What is an overactive bladder?

An overactive bladder is a common syndrome that affects millions of women worldwide. This is characterized by the compelling need to urinate with or without involuntary leakage of, urinating more often than what one is accustomed to, and waking up to urinate two or more times in a night without any obvious pathological cause.

Usually more commonly seen in the elderly, studies have seen that the prevalence in women in the general population ranges from 9 to 43%.(1) The huge discrepancy in prevalence lends credence to the underreporting in studies due to the embarrassing nature of the symptoms. 

Why does an overactive bladder happen?

The problem lies in what is called the detrusor muscle, which is wrapped around the bladder, and allows the bladder to expand and contracts the bladder to release the contents. When sensors in the bladder feel the bladder expanding, it tells the brain that the bladder is filling with urine, which creates the urge to urinate.

Normally, the bladder allows the release of urine at the appropriate time. An overactive bladder results primarily from involuntary contractions of the detrusor muscle, despite not enough urine to expand the bladder.(2) With the of loss of control of detrusor activity, urination happens at inopportune times.

overactive bladder


How to treat an overactive bladder?

With the right treatment, the symptoms can be significantly reduced. Treatment involves testing for and curing the possible primary cause, behavioural therapy, and pharmacotherapy. As is usually the case, in the absence of a causative condition, behavioral therapy and/or lifestyle changes are primary options for treatment.(3,4) Behavioural therapy includes pelvic floor physical therapy, which revolves around Kegel exercises to strengthen the pelvic floor.

Nonpharmacologic treatment requires education, pelvic floor training, and commitment but studies have shown that pelvic floor physical therapy and drug therapy have similar long-term outcomes in women.(5) Non-pharmacological treatment can be combined with drug therapy, if necessary, and are non-invasive and do not suffer from possible side effects that come with taking medicines. Thus, Kegel exercises offer a non-invasive, safe, and effective way to treat the symptoms of an overactive bladder.

What are the best pelvic floor exercises to treat overactive bladder?

As with regular muscle training, pelvic floor muscles should be developed for strength, stamina, and coordination. Speed of muscle contraction plays into strength, as seen in fast twitch muscles, and endurance, as seen in slow twitch muscles.(6) It is vital that the pelvic floor muscles are able to contract for long periods of time, thus the focus on slow movements, and slow twitch muscle fibers. In a nutshell, the best pelvic floor exercises to treat overactive bladder are the exercises that will focus on the slow twitch muscle fibers of the pelvic floor.

How to train slow twitch muscle fibers of the pelvic floor?

If properly done, exercises of the pelvic floor focus on slow twitch fibers, muscle strands that produce less power and strength but can maintain activity for longer periods of time. Pelvic floor muscle training has been seen to lessen the symptoms of an overactive bladder and increase the quality of life of women.(8) It is therefore vital that proper training and monitoring of the pelvic floor be done by those with an overactive bladder to mitigate symptoms.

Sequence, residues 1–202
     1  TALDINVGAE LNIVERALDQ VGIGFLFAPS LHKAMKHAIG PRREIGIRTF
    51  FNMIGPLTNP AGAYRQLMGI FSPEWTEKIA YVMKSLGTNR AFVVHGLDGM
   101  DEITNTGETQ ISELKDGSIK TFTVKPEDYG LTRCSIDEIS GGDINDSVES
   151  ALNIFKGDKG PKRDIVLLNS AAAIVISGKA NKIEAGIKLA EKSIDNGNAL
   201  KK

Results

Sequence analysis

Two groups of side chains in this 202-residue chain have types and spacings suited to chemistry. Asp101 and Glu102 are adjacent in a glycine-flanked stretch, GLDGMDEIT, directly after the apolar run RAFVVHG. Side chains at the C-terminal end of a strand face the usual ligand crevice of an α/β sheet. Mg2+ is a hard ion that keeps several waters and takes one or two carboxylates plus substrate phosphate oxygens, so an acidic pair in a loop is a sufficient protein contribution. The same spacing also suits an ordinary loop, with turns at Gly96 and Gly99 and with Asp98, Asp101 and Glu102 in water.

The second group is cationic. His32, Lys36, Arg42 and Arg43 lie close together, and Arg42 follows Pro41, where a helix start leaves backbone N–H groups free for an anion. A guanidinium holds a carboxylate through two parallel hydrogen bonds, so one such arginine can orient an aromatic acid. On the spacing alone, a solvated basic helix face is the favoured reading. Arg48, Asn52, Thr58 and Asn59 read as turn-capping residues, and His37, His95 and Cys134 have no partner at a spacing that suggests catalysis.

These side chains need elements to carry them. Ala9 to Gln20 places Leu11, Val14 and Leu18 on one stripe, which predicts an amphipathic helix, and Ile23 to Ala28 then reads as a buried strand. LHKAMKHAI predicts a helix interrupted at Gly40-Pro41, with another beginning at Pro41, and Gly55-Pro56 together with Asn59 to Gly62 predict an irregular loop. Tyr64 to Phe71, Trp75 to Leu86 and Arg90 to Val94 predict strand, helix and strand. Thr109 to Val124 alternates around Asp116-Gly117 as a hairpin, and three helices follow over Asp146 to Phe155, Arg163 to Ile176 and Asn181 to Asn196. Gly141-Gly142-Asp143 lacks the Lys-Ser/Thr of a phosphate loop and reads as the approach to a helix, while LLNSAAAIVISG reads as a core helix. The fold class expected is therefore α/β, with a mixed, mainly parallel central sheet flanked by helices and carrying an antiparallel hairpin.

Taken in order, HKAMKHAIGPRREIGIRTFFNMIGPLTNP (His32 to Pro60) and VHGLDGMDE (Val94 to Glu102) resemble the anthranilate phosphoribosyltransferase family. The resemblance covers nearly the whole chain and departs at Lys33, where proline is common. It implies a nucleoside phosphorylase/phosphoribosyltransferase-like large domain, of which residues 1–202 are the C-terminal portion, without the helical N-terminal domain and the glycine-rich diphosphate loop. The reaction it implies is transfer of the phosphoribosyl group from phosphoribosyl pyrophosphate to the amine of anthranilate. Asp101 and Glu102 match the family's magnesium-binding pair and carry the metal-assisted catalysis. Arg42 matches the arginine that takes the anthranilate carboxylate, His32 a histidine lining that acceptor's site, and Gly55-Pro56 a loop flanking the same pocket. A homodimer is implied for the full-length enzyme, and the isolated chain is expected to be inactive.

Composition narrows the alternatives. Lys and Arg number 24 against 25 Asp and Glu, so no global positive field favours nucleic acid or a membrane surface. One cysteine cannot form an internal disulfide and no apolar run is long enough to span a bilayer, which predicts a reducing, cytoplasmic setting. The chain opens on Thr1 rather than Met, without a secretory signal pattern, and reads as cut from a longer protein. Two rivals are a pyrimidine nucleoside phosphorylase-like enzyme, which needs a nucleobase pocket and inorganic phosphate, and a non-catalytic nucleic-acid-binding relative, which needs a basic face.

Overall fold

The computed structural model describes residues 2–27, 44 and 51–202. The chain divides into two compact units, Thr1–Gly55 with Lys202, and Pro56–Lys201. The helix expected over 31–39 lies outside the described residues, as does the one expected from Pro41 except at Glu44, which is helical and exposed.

Perifit has a training program that is designed to treat overactive bladder and focuses on slow twitch muscles for developing stamina. Overloading (doing more work than usual) the pelvic floor muscles through increased hold contractions is necessary to ensure training effectivity.(9)

It must be stated that for effective and safe training for an overactive bladder, holding contractions should not go beyond the time indicated in the training regimen, to not induce over fatigue. The information and training regimen found in Perifit can also be shown to physicians as part of the treatment plan.

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1 Corcos, J., Przydacz, M., Campeau, L., Witten, J., Hickling, D., Honeine, C., . . . Wagg, A. (2017). CUA guideline on adult overactive bladder. In Can Urol Assoc J (Vol. 11, pp. E142-173)

2 Srikrishna S, Robinson D, Cardozo L, Vella M. Management of overactive bladder syndrome.  Postgraduate medical journal. 832007. p. 481-6.

3 Wolz-Beck, M., Reisenauer, C., Kolenic, G. E., Hahn, S., Brucker, S. Y., & Huebner, M. (2017). Physiotherapy and behavior therapy for the treatment of overactive bladder syndrome: a prospective cohort study. Arch Gynecol Obstet, 295(5), 1211-1217. doi:10.1007/s00404-017-4357-1

4 Barkin, J., Habert, J., Wong, A., & Lee, L. Y. T. (2017). The practical update for family physicians in the diagnosis and management of overactive bladder and lower urinary tract symptoms. Can J Urol, 24(5s1), 1-11.

5 Azuri, J., Kafri, R., Ziv-Baran, T., & Stav, K. (2017). Outcomes of different protocols of pelvic floor physical therapy and anti-cholinergics in women with wet over-active bladder: A 4-year follow-up. Neurourol Urodyn, 36(3), 755-758. doi:10.1002/nau.23016

6 Powers S, Howley E. Exercise Physiology: Theory and application to fitness and performance. 6th ed. New York, NY: McGraw Hill; 2007.

7 Kegel exercises: A how-to guide for women. (2018). Retrieved from https://www.mayoclinic.org/healthy-lifestyle/womens-health/in-depth/kegel-exercises/art-20045283

8 Fitz, F., Sartori, M., Girao, M. J., & Castro, R. (2017). Pelvic floor muscle training for overactive bladder symptoms - A prospective study. Rev Assoc Med Bras (1992), 63(12), 1032-1038. doi:10.1590/1806-9282.63.12.1032

9 Powers S, Howley E. Exercise Physiology: Theory and application to fitness and performance. 6th ed. New York, NY: McGraw Hill; 2007.